Just when I thought my desirousness had lost the plot and that without proper attention, my sensuality was on the verge of fossilization, along came Hashim, a captivating Parisian tanguero. Olive-skinned and athletically framed, he wore a ripped T-shirt that was tattered in such an unstudied way that I like to believe it was genuinely threadbare—and not a conceit to fashion. I’d spied him across the dance floor with his wild unrestrained black curls—and full beard to go with, haloed by the setting sun. I caught his eye, the way we women do in tango to make our desire to dance known. He smiled and cocked his head by way of an invitation. He walked toward me, held out his hand, and escorted me onto the dance floor. What followed was perhaps the most unexpected and erotic experiences I’ve had in heels—while dancing.

For the next 15 minutes, I was carried away by his ardent, confident lead, his keen sense of musicality, and the rise and fall of his playful moves. I lost myself in his hair, his sweat, and his strong embrace.

At times I had to remind myself to breathe. You can’t fake a tango.

As Hashim and I circled the dance floor, I opened my eyes and saw Dante, my tango teacher, watching from the sidelines. He smiled at me. It was the kind of grin that said, Nancy, let this put an end to your grumbling about not dancing with the best, or hottest leads. And then, he winked. Well-done girl.

Although experiences like these make putting in the effort to go out and have some fun really worth it, they are more the exception, and the gauze of being unnoticed is becoming more the rule.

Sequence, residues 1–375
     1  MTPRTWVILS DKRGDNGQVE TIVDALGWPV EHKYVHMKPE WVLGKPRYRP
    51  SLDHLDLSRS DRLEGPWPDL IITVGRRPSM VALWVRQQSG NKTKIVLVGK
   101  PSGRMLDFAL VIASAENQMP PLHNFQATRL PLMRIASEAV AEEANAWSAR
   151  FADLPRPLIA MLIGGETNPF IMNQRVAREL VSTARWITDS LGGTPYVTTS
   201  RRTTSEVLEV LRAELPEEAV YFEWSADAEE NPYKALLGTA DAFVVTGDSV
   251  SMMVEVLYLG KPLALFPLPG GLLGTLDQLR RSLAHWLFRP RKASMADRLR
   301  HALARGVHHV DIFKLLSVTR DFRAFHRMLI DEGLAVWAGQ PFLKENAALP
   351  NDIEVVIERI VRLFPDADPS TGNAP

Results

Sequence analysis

If you do a search on women becoming invisible in their 50s and 60s, you’ll find a whole host of blogs, opinion pieces, news stories, first-person tell-all memoir posts, sociological studies—and reactions.

Some women are furious. Some are in despair. Some are in denial. Others say that fading into the background is a choice, not inevitability, and they see their invisibility as a super power.

Some of the more reflective essays I read posited that aging and feeling loss of attractiveness or sex appeal, whether we’ve traded in that currency or not—hits us where we feel most vulnerable. Because our society obsessively places all its value on youth and appearance, and seems to disparage the wisdom and experience of maturity, as I grow older, it only revs me up to get more of both!

The unexpected and freeing consequence of this partial invisibility is that I’ve become somewhat fearless, and I care far less about what others think than I did when I was younger. As I grapple with and buck up against the social pressures to look a certain way, I’ve eased up, and have forgiven myself for looking like I’ve lived this long. And though I chose to not have children, and I’m past the point of being able to do so, my usefulness according to much of society has diminished. And yet somehow, I’ve lived—and am living— a good life, and make other worthy contributions. While I’m on leave from the tiresome and disappointing job of attracting a mate, and I’m on a break from the tyranny of keeping a flat tummy—it sure has freed up a lot of time!

Over the past few years, while nobody was looking, I’ve been more creative, more curious and more engaged in the world than I’ve ever been.

I’m a designer for the tabletop and textile industries, and with all this reclaimed time, I’ve created some of the most beautiful and innovative artwork I’ve ever produced. While I still make a slight effort to accommodate my client’s requests, as it turns out, designing what I love and what I damn well please has achieved both. I’ve presented them with collections that they didn’t know they needed—until they saw them.